Supraventricular Arrhythmias, Part II: Atrial Flutter and Atrial Fibrillation

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Chapter 15 Supraventricular Arrhythmias, Part II Atrial Flutter and Atrial Fibrillation

Please go to expertconsult.com for supplemental chapter material.

The supraventricular (common narrow complex) tachycardias discussed so far have organized atrial activity (manifest by discrete P waves) and, with some notable exceptions, 1:1 atrioventricular (AV) conduction. Atrial fibrillation (AF) and atrial flutter (AFL) are two related (and sometimes missed or mistaken) arrhythmias with very rapid atrial rates that greatly exceed the ventricular rate (Fig. 15-1). This finding implies that some degree of physiologic (functional) AV block is almost always present. Furthermore, both arrhythmias involve reentrant mechanisms with impulses rapidly and continuously spinning around, “chasing their tails,” in the atrial muscle itself (see Fig. 15-1). Therefore, instead of true P waves, one sees continuous F (flutter) or f (fibrillatory) waves.

Atrial Flutter

Location of Conduction Pathways

The reentrant circuit of “typical” atrial flutter revolves around the tricuspid valve in the right atrium. Like reentrant supraventricular arrhythmias in general, it is initiated by a premature atrial complex (PAC) that blocks in one direction, while propagating in another. The signal then keeps circling in the same trajectory over and over again. In atrial flutter the typical frequency is about 300 cycles per minute (which is determined by the atrial size and conduction velocity) producing identical F waves.

The “bottleneck” where the signal usually blocks is the relatively narrow area between the tricuspid valve and inferior vena cava at the bottom of the right atrium (cavo-tricuspid isthmus). Conduction of the initiating PAC is blocked from propagating from the middle area of the right atrium to its lateral wall through this narrow isthmus. However, the electrical signal can propagate through the rest of the atrium and reach the isthmus from the other side. By this time the isthmus tissue has already recovered electrically and is ready to conduct. The signal goes through the isthmus in a counterclockwise direction, and the large (macro-) reentrant cycle starts again.

The classic “sawtooth” pattern of F waves that are predominantly negative in leads II, III, and aVF and positive in V1 with a very regular ventricular (QRS) rate of about 150/min (functional 2:1 AV block) is suggestive of the counterclockwise (common) type of typical right atrial flutter (Fig. 15-2A). Less frequently the same circuit gets initiated in the opposite direction, producing “clockwise” flutter. The polarity of the F waves will then be reversed: positive in leads II, III, and aVF, and negative in lead V1 (Fig. 15-2B). Clockwise and counterclockwise flutter can occur in the same patient and both are usually isthmus-dependent. Clinically, the development of atrial flutter most often indicates the presence of underlying structural/electrical atrial disease.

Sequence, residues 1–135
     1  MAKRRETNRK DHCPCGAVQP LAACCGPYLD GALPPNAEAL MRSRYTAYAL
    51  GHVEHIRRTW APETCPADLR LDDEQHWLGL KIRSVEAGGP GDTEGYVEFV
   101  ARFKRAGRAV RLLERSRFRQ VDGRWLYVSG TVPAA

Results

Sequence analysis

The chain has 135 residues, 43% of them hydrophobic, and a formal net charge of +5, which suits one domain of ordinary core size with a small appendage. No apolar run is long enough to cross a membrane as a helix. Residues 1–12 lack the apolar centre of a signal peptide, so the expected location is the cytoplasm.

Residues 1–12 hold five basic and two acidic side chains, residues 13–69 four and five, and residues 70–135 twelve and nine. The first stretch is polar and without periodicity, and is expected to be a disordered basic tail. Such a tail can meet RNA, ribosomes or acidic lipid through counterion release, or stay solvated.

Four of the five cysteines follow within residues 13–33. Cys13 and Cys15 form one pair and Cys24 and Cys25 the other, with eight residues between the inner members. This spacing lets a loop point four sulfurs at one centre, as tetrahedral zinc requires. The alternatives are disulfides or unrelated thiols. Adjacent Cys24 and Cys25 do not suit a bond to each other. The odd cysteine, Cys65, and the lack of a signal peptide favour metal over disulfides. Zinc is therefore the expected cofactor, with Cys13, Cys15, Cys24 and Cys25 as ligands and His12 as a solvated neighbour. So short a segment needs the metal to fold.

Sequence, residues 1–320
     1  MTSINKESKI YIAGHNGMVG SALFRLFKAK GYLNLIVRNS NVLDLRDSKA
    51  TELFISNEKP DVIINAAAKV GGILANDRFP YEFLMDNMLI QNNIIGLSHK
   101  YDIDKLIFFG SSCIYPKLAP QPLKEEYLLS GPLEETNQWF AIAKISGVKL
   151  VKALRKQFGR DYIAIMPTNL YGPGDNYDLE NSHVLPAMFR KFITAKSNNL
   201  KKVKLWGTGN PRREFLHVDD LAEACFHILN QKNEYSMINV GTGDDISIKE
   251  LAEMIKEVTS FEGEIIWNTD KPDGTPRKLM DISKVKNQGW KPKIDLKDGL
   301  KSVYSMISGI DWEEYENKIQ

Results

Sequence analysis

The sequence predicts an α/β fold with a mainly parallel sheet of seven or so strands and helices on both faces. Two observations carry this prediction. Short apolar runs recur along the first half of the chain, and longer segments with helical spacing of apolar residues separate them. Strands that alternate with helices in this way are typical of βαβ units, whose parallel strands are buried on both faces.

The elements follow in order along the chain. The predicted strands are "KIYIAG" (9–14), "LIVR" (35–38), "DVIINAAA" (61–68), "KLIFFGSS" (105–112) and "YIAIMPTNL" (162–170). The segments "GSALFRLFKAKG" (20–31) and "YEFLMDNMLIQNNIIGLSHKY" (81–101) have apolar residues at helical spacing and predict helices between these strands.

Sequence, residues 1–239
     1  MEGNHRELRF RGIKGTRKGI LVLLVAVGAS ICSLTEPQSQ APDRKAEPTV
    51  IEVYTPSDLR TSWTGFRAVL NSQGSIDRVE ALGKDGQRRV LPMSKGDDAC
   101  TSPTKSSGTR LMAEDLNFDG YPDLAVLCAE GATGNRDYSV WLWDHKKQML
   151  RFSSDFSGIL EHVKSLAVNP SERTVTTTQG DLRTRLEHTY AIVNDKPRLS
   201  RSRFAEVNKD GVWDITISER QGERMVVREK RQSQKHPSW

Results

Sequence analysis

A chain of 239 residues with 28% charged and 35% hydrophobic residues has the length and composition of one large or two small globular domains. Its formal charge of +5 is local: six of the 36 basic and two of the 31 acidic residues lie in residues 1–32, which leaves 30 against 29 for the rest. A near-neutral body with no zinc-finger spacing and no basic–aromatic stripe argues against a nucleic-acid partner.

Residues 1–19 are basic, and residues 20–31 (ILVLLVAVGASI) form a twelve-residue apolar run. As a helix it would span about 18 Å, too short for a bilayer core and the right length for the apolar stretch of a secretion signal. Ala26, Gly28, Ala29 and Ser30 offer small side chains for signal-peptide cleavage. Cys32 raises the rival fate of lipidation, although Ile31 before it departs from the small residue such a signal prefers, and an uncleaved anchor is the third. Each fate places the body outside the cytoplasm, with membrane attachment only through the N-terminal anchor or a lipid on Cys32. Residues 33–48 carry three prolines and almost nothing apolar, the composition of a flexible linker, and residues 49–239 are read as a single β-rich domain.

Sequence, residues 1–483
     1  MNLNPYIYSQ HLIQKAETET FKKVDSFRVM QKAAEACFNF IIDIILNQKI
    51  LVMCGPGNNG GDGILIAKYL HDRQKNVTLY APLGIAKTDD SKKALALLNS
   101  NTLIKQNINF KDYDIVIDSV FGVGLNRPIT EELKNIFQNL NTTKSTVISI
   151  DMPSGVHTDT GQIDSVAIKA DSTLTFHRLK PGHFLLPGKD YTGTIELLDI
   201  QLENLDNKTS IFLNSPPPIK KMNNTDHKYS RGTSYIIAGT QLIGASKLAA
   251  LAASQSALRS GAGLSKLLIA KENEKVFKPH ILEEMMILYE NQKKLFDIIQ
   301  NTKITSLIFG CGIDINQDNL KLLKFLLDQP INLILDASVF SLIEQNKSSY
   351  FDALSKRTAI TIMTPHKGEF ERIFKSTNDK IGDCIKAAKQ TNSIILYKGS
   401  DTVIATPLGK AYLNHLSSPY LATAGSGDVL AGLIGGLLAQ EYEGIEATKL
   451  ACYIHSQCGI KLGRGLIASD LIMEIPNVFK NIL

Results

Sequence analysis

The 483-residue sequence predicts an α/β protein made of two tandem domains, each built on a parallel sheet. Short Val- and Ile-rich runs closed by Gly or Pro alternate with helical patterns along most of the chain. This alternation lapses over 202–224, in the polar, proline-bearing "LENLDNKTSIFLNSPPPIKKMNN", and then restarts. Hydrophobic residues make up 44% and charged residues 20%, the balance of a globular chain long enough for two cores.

Conduction to the Ventricles

The atrial rate during typical atrial flutter, as noted, is around 300 cycles/min (range usually between about 240 to 330 cycles/min). Slower rates can be due to drugs that slow atrial conduction. Fortunately, the AV node cannot conduct electrical signals at that rate to the ventricles—although a bypass tract in the Wolff-Parkinson-White (WPW) syndrome (see Chapter 12) can! Thus, with atrial flutter, physiologic AV block develops (usually with a 2:1 A/V ratio) (Figs. 15-2 and 15-3). In the presence of high vagal tone, AV nodal disease, or AV nodal blocking drugs (e.g., beta blockers, digoxin, and certain calcium channel antagonists) higher degrees of AV block can be seen, for example with a 4:1 conduction ratio (Figs. 15-3 and 15-4).

Often the AV nodal conduction shows more complex patterns and the degree of AV block varies in a periodic way, producing flutter/QRS ratios with repeating patterns (Fig. 15-4) of RR intervals (group beating). This phenomenon is believed to be due to multiple levels of block within the conduction system. Variable AV block may be due to other mechanisms (e.g., AV Wenckebach) and produce noninteger ratios of F waves to QRS complexes (Fig. 15-5).

On the other hand, atrial flutter with 1:1 AV conduction (Fig. 15-6), although uncommon, can occur in three major settings:

Atrial flutter with sustained 1:1 AV conduction represents an emergency situation, requiring consideration of immediate synchronized electrical cardioversion because of the dangerously rapid ventricular rate.

Atrial Fibrillation

Unlike atrial flutter, the reentrant waves of atrial fibrillation (AF) cannot be localized to any repetitive and stable circuit in the atria. Most cases of AF are thought to originate in the area of pulmonary vein–left atrial junctions. With time, more and more of the atrial tissue becomes involved in the active maintenance of the arrhythmia, associated with the simultaneous formation of multiple unstable reentrant circuits throughout the atria (see Fig 15-1).

Atrial electrical activity on the ECG appears as irregular f (fibrillatory) waves, varying continuously in amplitude, polarity (reversing from positive or negative orientation in same lead), and frequency (changing cycle length, measured as the very brief interval from one f wave to the next).

Milder degrees of atrial activity “disorganization” or drugs that slow atrial activation may produce coarse AF with high amplitude f waves resembling atrial flutter (Fig. 15-7).